Denmark's Thomas Bjorn birdied the 18th hole to win the rain-hit Irish Open by one stroke from England's Paul Casey.
GB&I unless stated
-5 T Bjorn (Den)
-4 P Casey
-3 D Clarke
-2 P Hedblom (Swe)
level P Harrington
+11 I Poulter
Bjorn shot a 72 on the additional day at Carton House to finish on five under par, while Casey could only manage a 73 after a par at the last.
Darren Clarke's hope of becoming the first home winner in 24 years went when he fluffed a chip into the 18th green.
He finished third on three under after a 73, one stroke ahead of Sweden's Peter Hedblom who carded a 74.
Bjorn equalled the European Tour's best ever recovery after shooting 78 in the first round.
"You could say this country owes me one, that's for sure" said Bjorn, 35, who led by four shots going into the final round of last year's European Open at the K Club only to card an 86.
"I've lost in a play-off in the Irish Open (in 2003) and obviously what happened last year is something you want to put behind you.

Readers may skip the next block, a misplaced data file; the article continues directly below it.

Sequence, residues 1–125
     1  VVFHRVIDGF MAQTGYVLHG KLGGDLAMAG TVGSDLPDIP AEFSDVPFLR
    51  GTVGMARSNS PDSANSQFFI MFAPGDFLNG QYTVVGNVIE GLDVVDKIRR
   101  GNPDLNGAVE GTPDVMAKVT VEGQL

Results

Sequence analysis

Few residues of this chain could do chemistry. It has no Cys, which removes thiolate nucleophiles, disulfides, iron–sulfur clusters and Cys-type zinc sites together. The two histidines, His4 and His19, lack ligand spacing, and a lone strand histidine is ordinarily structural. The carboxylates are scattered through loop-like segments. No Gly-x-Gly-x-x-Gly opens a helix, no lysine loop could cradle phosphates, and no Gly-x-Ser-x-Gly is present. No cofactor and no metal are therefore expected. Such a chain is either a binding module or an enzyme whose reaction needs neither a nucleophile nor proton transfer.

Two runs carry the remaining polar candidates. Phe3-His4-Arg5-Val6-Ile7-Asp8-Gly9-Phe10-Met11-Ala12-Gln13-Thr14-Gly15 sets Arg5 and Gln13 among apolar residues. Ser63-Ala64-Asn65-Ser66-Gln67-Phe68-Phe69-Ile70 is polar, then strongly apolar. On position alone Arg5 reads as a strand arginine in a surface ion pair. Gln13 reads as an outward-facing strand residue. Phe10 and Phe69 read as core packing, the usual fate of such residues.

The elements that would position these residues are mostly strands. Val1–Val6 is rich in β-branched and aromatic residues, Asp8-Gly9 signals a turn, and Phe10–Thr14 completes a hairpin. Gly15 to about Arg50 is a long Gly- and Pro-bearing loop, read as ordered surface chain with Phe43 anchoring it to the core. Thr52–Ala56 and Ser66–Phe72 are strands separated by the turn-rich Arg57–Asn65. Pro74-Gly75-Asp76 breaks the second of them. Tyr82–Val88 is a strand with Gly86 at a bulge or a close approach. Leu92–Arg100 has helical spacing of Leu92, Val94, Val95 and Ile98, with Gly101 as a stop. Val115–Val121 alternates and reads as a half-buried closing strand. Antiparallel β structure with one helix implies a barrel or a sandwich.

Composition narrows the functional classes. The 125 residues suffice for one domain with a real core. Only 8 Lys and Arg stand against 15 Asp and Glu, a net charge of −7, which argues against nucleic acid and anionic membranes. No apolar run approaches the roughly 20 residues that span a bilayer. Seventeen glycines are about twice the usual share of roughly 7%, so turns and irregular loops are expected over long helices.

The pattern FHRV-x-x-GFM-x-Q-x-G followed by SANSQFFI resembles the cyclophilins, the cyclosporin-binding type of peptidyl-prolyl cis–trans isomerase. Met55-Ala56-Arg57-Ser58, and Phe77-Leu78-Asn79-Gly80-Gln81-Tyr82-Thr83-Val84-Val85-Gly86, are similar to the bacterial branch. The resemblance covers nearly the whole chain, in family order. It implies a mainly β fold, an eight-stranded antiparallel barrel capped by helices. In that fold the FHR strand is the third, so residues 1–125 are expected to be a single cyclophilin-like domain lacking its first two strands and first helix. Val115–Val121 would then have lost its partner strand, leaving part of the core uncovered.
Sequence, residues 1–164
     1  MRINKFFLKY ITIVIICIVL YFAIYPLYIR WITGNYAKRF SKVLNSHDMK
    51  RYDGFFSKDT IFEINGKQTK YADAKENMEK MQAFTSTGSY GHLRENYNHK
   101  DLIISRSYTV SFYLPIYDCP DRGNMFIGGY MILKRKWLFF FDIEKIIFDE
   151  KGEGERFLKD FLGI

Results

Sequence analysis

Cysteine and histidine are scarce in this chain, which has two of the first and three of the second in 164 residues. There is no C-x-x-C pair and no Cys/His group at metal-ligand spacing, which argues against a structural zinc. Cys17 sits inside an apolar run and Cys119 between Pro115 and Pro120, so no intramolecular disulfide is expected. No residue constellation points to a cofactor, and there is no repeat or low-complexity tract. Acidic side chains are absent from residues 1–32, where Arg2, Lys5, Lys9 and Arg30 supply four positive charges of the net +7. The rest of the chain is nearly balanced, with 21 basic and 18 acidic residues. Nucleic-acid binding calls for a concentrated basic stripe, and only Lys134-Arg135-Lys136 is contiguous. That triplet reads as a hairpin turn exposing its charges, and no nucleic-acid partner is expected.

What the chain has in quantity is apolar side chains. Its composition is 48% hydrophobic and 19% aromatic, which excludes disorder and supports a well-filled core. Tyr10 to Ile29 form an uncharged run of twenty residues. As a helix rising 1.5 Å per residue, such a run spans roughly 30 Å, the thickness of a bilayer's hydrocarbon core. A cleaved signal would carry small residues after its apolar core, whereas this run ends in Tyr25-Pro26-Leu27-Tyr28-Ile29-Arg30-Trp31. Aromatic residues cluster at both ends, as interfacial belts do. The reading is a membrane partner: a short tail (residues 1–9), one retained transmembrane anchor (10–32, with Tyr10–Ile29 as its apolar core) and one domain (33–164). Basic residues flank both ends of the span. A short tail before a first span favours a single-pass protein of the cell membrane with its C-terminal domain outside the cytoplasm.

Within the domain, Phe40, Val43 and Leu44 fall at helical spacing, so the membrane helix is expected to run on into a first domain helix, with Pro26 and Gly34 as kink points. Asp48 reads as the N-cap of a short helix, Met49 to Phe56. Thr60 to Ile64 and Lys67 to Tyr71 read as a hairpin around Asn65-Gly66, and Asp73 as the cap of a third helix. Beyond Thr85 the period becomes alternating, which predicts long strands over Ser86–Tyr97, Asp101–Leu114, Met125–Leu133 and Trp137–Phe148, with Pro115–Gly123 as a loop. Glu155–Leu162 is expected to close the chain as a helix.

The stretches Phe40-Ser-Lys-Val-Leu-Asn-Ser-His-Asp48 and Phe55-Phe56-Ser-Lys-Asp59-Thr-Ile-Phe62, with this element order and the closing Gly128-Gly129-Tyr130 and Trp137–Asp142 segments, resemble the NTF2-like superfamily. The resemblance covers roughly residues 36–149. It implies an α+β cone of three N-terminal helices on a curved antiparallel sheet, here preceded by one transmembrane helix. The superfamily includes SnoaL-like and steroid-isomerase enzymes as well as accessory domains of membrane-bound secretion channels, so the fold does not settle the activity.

"This was important for me, an important place for me to do it. It opens up a lot of things for me.
"Something comes up in September in this country I want to be a part of (the Ryder Cup at the K Club) and I needed to win early in the summer.
"At least now I've given myself a chance. After the first round, I didn't think much was going my way again. In the end, it was last man standing."
Bjorn, who now has nine European Tour wins, holed out from eight feet after watching Clarke and Casey miss chances on the par-five 18th.
Clarke could only three-putt after duffing his pitch, while his Ryder Cup team-mate Casey did the same.
However, Ulsterman Clarke emerged with enormous credit after an incident on the ninth hole when play resumed on Monday morning.
Clarke had pushed his tee shot into heavy rough when play was suspended on Sunday evening, but found the ball in a much better lie today.
That gave him the chance to reach the green in two but the 37-year-old Clarke insisted on chipping out sideways and ended up with a bogey five.
"Yesterday I had a very poor lie and I got back out this morning and either a lot of people had been looking for it, or a lot of people had flattened the
grass around it, it was a much better lie than when I left it," said Clarke.
"I could have hit it onto the front of the green but if I had done I would
have held my head in shame, so I just decided to chip it out and play it like I would have last night."